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TrendLabs - Malware Blog
  • A Closer Look at North Korea’s Internet

    TrendLabs - Malware Blog
    This blog post summarizes our findings from studying internet traffic going in and out of North Korea. It reviews its small IP space of 1024 routable IP addresses. It will also cover spam waves that originate in part from spambots in the country, DDoS attacks against North Korean websites and their relation to real-world events, as well as recurring watering hole attacks on North Korean websites.
    Post from: Trendlabs Security Intelligence Blog - by Trend Micro
    A Closer Look at North Korea’s Internet
  • From Cybercrime to Cyberpropaganda

    TrendLabs - Malware Blog
    A couple of common questions that arise whenever cyberpropaganda and hacktivism issues come up: who engages in it? Where do the people acquire the tools, skills, and techniques used? As it turns out, in at least one case, it comes from the traditional world of cybercrime. We’ve come across a case where a cybercriminal based in Libya turned from cybercrime to cyberpropaganda. This highlights how the cybercrime underground in the Middle East/North African region (covered in our paper titled Digital Souks: A Glimpse into the Middle Eastern and North African Underground) can expand their activity into areas beyond their original area of expertise.
    Post from: Trendlabs Security Intelligence Blog - by Trend Micro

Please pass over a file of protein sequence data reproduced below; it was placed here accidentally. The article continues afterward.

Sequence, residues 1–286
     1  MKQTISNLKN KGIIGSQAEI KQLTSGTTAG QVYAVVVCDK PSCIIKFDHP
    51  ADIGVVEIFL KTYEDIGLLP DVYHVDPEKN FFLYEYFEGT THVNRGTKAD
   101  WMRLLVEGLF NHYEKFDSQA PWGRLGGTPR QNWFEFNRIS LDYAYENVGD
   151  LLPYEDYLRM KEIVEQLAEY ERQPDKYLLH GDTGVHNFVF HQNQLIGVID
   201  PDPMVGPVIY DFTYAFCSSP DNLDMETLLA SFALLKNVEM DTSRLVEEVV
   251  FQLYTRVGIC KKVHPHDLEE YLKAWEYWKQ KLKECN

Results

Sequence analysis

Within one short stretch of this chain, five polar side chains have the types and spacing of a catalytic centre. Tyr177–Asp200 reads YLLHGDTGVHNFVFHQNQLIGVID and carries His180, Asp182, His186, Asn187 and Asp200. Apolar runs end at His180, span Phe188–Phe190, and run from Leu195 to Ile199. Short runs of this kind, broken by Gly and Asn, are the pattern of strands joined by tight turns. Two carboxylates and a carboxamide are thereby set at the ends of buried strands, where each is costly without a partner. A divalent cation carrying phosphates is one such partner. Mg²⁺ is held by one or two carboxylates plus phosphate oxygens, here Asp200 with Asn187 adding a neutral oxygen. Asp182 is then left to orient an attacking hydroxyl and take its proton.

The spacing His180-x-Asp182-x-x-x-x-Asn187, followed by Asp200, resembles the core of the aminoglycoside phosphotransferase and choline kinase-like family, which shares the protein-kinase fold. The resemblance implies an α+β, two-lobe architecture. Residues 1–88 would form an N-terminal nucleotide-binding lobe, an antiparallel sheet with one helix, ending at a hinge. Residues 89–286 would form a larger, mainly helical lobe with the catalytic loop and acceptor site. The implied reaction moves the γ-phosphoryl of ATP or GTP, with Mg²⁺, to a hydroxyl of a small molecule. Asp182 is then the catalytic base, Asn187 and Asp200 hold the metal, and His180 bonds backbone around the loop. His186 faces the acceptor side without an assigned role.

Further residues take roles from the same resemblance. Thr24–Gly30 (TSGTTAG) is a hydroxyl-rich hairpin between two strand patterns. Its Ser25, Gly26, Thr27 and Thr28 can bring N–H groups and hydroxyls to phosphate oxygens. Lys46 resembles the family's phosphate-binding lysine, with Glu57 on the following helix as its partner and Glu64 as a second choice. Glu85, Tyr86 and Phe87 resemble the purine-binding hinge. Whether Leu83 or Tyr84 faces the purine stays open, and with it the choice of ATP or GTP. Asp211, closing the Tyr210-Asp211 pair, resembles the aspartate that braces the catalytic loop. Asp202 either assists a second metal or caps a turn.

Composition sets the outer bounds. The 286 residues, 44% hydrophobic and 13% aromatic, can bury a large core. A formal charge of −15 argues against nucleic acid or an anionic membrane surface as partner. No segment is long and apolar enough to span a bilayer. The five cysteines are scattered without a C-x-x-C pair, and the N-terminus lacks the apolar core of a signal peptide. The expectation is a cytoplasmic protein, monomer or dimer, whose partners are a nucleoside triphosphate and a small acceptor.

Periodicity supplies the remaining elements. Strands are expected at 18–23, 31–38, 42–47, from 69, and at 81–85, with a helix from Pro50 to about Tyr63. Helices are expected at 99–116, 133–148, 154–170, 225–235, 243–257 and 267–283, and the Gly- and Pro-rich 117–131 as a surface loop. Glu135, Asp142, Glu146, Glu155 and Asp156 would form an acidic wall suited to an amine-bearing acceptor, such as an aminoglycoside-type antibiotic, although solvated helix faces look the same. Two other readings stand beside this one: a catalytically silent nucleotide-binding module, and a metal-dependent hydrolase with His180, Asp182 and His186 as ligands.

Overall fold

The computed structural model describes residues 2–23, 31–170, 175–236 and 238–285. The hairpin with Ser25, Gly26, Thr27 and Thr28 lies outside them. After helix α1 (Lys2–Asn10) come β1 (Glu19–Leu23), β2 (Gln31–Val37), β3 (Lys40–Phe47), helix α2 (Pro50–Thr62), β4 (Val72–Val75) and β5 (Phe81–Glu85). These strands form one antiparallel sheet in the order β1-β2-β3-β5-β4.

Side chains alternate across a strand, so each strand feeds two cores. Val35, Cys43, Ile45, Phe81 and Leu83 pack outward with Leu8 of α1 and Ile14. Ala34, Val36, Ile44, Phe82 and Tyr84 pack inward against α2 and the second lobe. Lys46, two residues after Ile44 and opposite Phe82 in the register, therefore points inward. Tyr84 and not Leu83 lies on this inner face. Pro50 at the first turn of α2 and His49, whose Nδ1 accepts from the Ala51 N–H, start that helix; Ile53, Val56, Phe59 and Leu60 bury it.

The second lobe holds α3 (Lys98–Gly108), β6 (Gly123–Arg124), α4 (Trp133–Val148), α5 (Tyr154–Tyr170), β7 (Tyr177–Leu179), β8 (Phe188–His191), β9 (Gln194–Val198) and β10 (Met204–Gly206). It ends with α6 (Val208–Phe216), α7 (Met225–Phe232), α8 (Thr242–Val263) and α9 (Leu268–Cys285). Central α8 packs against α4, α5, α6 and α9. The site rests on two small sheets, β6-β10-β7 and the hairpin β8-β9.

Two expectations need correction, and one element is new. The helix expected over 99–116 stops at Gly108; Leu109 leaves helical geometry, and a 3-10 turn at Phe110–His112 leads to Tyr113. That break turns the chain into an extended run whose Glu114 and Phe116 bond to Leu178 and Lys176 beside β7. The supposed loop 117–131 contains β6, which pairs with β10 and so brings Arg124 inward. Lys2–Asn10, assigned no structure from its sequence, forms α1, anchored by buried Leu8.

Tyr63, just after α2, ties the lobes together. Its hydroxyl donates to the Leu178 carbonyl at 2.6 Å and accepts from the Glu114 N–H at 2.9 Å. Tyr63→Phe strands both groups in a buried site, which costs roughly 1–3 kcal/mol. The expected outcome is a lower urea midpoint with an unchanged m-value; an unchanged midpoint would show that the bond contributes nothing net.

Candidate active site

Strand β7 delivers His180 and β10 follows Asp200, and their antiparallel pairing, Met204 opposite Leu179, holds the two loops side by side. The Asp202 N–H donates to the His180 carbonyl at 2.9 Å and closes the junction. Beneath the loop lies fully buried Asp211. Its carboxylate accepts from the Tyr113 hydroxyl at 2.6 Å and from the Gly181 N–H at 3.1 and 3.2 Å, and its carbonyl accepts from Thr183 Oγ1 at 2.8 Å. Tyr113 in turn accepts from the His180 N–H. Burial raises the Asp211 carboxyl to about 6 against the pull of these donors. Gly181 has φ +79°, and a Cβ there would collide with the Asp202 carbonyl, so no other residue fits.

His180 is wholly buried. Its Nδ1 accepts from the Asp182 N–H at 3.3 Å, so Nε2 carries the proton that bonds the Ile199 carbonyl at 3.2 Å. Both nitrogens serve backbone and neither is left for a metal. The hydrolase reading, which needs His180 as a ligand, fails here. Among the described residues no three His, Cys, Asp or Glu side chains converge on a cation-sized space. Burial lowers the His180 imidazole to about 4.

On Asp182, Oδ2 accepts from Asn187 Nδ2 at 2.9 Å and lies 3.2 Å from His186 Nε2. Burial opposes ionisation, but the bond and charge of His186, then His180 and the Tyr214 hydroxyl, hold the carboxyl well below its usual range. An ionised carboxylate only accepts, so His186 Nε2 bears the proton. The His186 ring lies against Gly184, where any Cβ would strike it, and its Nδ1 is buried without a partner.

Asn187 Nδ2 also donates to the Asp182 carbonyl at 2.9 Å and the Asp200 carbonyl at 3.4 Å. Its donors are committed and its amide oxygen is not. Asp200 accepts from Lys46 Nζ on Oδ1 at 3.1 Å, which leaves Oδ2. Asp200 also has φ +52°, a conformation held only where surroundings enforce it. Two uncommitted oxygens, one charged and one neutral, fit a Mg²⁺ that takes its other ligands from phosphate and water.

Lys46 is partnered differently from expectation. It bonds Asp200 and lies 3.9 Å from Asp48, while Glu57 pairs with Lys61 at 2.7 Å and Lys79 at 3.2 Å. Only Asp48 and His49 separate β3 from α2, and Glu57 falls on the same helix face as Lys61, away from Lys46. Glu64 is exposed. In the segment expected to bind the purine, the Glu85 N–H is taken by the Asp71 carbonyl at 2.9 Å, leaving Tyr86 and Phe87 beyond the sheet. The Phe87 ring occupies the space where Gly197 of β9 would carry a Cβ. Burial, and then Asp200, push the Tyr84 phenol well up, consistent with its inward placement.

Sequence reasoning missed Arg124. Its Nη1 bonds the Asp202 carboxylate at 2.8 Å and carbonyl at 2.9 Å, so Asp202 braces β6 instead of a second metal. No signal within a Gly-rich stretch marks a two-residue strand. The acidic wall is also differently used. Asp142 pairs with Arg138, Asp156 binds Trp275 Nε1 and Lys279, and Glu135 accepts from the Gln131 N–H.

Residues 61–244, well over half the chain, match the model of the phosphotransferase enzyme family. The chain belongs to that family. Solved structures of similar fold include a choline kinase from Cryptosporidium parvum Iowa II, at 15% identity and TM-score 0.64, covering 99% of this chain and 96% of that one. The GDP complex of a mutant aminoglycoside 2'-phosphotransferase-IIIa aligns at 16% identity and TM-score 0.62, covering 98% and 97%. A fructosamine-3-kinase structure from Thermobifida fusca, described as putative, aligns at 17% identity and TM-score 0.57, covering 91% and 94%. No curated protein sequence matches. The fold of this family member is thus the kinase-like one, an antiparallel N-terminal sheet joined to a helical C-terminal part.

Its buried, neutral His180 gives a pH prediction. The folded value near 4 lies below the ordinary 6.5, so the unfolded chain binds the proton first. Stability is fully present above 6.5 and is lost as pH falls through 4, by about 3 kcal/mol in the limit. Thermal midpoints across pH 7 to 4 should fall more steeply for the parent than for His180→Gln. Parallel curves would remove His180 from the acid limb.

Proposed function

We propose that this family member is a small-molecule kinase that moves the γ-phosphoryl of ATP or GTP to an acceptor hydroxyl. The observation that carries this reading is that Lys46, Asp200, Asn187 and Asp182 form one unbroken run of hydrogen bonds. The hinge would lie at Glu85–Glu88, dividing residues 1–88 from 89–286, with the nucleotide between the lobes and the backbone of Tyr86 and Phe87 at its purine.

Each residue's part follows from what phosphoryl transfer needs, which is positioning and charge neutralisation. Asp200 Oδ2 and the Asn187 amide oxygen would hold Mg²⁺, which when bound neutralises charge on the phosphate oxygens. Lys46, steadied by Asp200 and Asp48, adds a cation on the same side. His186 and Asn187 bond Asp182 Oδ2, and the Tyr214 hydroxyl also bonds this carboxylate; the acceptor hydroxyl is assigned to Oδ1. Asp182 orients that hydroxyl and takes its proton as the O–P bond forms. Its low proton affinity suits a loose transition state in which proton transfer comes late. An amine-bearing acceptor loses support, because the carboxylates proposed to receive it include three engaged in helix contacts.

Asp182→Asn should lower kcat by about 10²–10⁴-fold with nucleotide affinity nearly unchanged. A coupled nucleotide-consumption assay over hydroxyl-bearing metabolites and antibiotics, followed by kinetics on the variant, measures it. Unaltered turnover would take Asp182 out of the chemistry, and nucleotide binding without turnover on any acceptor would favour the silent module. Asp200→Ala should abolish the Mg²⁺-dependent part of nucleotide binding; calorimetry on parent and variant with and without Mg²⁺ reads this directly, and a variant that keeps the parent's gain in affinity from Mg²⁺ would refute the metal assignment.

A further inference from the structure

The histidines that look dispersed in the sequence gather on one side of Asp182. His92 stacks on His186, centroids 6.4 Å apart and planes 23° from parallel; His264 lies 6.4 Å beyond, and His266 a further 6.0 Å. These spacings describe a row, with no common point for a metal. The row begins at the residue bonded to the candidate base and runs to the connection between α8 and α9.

From Cybercrime to Cyberpropaganda
  • Microsoft’s October Patch Tuesday Fixes 62 Vulnerabilities, including an Office Zero-Day

    TrendLabs - Malware Blog
    Microsoft’s Patch Tuesday for October addresses 62 vulnerabilities, 27 of which are critical and 35 important in terms of severity; many of these flaws can lead to remote code execution (RCE). Microsoft’s fixes are patches for features in the Windows operating system (OS) and Microsoft Office (including Office Web Apps), Skype for Business, Edge, Internet Explorer (including the Chakra Core browser engine), Exchange Server, and .NET development framework, among others. As per Microsoft’s previous advisories, this month’s Patch Tuesday also marks the end of support and patches/updates for Office 2007 and Outlook 2007.
    Of note is Microsoft’s fix for CVE-2017-11826, a memory corruption vulnerability in Microsoft Office that was publicly disclosed and reported to be actively exploited in the wild.